Florida Democrat Files Bill to Block Parental Rights Law That Opponents Say Keeps Children From ‘Ideas’

By Darlene McCormick Sanchez
Darlene McCormick Sanchez
Darlene McCormick Sanchez
Darlene McCormick Sanchez reports for The Epoch Times from Texas. She writes on a variety of issues with a focus on Texas politics, election fraud, and the erosion of traditional values. She previously worked as an investigative reporter and covered crime, courts, and government for newspapers in Texas, Florida, and Connecticut. Her work on The Sinful Messiah series, which exposed Branch Davidians leader David Koresh, was named a Pulitzer Prize finalist for investigative reporting in the 1990s.
January 26, 2023Updated: January 26, 2023

The “Children’s Bill of Rights Act” filed by a Florida Democrat could potentially strip away a parent’s right to stop their child from accessing sexually explicit material, or gender, or racial literature.

House Bill 217, filed on Jan. 17 by Michele Rayner-Goolsby (D), appears to be the Left’s answer to the Parental Rights in Education law championed by Republican Gov. Ron DeSantis.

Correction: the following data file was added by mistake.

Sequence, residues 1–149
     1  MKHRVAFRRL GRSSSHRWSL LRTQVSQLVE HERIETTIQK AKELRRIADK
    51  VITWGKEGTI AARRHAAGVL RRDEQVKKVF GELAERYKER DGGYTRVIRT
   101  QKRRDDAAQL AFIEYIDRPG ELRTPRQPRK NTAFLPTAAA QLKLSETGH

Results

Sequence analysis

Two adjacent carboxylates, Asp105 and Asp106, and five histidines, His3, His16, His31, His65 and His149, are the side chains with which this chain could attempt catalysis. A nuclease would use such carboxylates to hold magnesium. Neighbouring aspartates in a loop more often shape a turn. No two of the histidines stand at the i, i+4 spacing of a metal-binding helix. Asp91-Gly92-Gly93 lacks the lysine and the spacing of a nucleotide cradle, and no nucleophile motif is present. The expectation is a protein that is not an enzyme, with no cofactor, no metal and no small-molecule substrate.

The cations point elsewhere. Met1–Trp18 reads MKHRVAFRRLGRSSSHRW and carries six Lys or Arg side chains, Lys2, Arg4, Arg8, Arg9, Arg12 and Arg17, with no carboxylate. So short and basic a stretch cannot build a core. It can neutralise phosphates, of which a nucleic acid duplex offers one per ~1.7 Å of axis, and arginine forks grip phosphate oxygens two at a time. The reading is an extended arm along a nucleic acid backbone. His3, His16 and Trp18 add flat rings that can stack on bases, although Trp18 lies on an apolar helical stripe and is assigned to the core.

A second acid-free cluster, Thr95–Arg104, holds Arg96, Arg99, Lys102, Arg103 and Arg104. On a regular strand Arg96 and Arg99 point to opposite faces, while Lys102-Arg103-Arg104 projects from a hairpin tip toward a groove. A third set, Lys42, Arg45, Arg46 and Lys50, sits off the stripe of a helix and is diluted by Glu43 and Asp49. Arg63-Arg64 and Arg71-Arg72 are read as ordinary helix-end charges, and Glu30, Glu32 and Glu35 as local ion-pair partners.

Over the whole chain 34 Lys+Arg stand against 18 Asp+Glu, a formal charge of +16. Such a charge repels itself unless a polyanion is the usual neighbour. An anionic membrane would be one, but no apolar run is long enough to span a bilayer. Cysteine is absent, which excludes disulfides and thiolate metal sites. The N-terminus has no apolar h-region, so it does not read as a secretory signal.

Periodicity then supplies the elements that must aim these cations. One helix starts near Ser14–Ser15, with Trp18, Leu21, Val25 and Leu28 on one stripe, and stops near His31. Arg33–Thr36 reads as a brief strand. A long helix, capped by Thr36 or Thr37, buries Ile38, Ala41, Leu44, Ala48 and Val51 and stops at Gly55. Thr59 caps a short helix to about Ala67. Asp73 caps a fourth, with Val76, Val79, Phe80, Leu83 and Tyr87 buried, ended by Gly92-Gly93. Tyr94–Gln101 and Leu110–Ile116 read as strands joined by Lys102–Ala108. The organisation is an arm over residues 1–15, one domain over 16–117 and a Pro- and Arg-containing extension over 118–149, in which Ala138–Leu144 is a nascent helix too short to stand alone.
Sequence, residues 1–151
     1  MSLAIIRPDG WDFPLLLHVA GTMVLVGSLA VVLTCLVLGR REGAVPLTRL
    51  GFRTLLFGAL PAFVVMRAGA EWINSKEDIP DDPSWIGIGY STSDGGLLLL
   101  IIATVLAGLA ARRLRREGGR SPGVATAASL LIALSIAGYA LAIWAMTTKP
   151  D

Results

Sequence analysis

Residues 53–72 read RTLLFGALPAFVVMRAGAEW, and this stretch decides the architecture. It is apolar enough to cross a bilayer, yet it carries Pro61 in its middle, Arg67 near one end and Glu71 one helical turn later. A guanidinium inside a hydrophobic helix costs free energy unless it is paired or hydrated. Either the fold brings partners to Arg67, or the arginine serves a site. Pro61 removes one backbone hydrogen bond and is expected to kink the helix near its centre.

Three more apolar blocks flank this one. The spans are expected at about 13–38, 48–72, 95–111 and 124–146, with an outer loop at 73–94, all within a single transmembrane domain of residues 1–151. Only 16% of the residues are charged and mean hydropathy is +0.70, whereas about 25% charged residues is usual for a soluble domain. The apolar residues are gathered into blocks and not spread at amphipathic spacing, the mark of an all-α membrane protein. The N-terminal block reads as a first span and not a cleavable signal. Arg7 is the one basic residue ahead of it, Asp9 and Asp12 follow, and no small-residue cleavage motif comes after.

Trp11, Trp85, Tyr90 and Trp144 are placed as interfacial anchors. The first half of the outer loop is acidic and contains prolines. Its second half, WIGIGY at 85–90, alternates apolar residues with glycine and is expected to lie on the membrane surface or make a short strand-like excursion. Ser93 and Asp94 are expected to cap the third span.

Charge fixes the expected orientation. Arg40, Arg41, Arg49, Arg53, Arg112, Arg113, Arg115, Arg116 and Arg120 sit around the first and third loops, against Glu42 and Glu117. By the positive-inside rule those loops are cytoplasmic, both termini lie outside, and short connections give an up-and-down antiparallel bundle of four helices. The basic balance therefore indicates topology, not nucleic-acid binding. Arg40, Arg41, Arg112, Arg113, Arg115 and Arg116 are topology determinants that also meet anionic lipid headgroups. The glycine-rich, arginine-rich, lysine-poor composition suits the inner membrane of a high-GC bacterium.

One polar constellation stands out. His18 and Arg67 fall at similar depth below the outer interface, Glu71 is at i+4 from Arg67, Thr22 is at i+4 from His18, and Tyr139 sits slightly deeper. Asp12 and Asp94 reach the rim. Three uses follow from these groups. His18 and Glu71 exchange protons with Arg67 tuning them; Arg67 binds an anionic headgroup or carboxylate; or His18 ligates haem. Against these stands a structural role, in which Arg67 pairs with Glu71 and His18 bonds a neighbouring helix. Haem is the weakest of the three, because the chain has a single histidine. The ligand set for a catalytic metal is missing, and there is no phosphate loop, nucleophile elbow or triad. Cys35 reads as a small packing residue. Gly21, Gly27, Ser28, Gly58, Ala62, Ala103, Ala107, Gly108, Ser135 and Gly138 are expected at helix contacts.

The children’s rights bill would give a child the right to receive “ideas of any kind” orally, in writing, in print, or through art forms.

It also gives the child the right to privacy and to preserve his or her identity while giving the state the power to “restore” the child’s right to identity if violated.

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Florida Gov. Ron DeSantis displays the signed Parental Rights in Education bill flanked by elementary school students during a news conference at Classical Preparatory school in Shady Hills, Fla., on March 28, 2022. (Douglas R. Clifford/Tampa Bay Times via AP)